It’s probably because I’ve never seen any that have any degree of specifics (which was another reason I wanted to be ambiguous).

    I suppose in a more open environment, that wouldn’t be the case, though.

  • Scott Cover

    Depending on your target audience, anything above the generic buzzwords of cluster, high-availability, etc is just going to be wasted breath anyway.

    Stick with the things that make people comfortable, because too much information is going to be lost on any non-technical people.

  • Dan C

    I tend to take the approach that, like you suggest, abstraction from the intricate details is the best compromise.

    If it’s for marketing purposes then most people would just like to see a pretty diagram that demonstrates what they think should meet their needs.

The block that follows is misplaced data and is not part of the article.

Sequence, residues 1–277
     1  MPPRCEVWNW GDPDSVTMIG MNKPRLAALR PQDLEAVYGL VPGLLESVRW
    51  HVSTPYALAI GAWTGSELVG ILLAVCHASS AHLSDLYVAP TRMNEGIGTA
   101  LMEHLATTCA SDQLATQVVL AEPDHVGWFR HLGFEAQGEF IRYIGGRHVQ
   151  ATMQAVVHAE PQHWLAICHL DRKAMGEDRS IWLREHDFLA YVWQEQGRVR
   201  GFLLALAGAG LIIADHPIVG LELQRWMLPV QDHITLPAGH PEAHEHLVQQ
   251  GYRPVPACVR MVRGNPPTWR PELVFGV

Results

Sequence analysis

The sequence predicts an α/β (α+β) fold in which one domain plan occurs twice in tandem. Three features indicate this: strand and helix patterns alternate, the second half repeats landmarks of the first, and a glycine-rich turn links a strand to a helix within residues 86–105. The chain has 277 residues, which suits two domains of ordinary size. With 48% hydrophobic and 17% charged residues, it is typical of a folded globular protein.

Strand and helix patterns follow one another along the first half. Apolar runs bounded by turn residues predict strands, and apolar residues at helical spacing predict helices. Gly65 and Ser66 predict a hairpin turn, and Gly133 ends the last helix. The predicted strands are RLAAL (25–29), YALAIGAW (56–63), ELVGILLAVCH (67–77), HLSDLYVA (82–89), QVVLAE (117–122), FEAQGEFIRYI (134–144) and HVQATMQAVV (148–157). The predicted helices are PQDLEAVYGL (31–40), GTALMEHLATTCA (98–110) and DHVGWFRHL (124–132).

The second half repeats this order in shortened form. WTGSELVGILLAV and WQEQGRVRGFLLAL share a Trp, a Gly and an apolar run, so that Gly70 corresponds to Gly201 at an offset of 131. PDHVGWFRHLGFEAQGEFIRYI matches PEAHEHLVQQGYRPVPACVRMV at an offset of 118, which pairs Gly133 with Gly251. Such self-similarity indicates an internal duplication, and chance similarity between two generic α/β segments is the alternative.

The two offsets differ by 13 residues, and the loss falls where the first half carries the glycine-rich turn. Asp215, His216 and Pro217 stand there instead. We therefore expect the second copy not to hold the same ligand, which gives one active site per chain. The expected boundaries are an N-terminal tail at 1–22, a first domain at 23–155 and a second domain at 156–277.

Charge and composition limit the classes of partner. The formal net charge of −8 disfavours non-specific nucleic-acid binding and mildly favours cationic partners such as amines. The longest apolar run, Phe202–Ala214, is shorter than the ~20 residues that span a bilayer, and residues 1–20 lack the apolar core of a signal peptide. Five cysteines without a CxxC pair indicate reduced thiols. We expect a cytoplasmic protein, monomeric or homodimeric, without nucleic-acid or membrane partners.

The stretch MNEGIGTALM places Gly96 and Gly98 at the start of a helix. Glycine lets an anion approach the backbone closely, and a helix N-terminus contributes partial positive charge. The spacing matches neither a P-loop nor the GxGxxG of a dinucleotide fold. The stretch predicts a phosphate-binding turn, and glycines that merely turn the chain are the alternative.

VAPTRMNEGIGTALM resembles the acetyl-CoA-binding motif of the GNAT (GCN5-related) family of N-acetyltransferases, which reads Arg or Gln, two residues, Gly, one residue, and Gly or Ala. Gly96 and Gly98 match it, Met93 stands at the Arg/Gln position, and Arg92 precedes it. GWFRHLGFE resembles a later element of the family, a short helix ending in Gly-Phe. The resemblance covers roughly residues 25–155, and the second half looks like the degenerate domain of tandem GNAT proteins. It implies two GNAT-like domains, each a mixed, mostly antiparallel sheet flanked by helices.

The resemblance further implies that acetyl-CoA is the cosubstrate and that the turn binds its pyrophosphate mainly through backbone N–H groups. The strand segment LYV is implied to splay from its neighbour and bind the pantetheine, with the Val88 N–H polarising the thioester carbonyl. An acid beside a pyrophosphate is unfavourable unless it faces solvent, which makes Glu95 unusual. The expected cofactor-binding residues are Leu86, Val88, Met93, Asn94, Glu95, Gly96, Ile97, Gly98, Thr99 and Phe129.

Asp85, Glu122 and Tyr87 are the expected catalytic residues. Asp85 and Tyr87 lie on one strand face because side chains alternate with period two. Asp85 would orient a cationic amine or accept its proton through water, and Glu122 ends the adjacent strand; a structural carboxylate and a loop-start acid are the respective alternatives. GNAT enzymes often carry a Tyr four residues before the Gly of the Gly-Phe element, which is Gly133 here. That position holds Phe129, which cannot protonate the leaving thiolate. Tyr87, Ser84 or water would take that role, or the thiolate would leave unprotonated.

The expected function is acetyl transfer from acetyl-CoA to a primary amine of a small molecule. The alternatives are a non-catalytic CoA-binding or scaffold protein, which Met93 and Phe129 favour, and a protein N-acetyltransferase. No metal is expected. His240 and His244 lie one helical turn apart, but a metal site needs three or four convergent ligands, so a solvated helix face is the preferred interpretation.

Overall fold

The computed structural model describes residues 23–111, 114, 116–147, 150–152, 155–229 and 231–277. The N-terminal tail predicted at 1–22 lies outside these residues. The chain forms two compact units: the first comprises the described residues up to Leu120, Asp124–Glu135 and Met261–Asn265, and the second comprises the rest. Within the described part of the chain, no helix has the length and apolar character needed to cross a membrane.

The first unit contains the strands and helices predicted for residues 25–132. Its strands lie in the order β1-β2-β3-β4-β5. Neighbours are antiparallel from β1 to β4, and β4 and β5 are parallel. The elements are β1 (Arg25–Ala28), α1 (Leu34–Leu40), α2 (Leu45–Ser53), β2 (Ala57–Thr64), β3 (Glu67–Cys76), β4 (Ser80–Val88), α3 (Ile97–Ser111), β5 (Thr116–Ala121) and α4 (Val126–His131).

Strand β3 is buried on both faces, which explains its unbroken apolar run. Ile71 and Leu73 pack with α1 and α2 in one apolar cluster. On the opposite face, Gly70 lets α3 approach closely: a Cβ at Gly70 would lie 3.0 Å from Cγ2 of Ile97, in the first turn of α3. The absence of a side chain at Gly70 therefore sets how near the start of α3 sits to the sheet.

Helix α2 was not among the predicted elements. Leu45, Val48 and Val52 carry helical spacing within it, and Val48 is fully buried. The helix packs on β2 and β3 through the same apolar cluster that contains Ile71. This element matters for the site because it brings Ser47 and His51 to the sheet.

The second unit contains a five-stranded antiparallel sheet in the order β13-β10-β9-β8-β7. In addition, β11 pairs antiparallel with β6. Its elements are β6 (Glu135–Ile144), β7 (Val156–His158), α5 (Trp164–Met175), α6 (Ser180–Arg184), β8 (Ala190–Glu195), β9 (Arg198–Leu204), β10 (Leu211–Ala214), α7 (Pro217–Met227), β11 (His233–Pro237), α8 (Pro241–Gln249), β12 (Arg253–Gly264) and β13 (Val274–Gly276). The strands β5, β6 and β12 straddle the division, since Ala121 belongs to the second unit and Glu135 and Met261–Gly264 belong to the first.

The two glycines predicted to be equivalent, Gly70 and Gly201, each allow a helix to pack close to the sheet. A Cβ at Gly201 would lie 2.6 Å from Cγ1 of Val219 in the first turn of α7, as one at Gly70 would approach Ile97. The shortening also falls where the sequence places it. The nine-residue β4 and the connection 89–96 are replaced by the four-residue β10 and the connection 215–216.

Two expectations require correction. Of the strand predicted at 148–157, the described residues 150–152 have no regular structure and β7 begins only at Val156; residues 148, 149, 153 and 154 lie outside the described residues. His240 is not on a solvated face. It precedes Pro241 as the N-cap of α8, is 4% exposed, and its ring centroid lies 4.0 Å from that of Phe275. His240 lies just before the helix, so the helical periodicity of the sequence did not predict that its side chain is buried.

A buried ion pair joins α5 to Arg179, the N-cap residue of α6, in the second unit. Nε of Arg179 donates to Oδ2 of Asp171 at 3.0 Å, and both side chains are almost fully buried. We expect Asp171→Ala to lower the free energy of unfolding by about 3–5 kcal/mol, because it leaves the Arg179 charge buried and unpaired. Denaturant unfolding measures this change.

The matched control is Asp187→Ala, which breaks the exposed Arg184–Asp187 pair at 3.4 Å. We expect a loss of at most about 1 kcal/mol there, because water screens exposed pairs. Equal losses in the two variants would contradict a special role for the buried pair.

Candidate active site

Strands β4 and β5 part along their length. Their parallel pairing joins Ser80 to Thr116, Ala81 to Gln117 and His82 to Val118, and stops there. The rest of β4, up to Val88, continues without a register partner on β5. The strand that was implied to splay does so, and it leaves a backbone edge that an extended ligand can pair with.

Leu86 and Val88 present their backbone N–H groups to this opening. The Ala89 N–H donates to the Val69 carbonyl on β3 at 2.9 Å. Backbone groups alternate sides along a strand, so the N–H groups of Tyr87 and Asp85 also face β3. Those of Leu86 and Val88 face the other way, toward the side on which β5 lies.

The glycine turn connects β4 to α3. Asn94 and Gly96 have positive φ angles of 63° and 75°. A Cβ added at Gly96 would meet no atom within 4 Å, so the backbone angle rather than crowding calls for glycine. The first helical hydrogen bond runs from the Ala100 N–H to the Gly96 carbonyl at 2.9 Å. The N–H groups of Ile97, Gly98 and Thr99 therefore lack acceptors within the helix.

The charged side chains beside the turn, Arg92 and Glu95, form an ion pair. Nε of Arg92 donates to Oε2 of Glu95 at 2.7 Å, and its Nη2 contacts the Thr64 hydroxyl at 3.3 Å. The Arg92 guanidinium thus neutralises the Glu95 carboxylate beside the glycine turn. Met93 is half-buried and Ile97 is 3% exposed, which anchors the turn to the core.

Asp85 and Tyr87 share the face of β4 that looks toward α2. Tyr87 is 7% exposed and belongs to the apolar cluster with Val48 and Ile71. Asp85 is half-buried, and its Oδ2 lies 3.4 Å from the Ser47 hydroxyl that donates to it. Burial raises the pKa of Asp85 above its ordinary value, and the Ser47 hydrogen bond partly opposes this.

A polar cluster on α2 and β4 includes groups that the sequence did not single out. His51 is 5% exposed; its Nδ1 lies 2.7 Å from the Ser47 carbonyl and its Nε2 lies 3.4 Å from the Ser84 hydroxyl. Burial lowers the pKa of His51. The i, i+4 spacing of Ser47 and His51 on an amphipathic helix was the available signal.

It’s here-nor-there what specific model of router or what flavour of UNIX comprises that complicated mesh. Merely that it is all there.

    If they want to know more for legitimate reasons, then they can always ask.

    The only downside of this which I begrudge slightly is that it goes against the OSS model of sharing knowledge. It doesn’t leave much scope for corps to share the very clever things they have done with the use of different open source products back with other people.

  • Matt

    DanC said
    It doesn’t leave much scope for corps to share the very clever things they have done with the use of different open source products back with other people.

    Fortunately, I’ve got a blog for that ;-)

    Thanks for the post! I’m not an OSS purist, but I recognize that it’s an important part of the ecosphere that has to be maintained, and I appreciate the work that all the OSS developers put forth. Heck, I’ve even submitted a patch ;-)

  • Dan C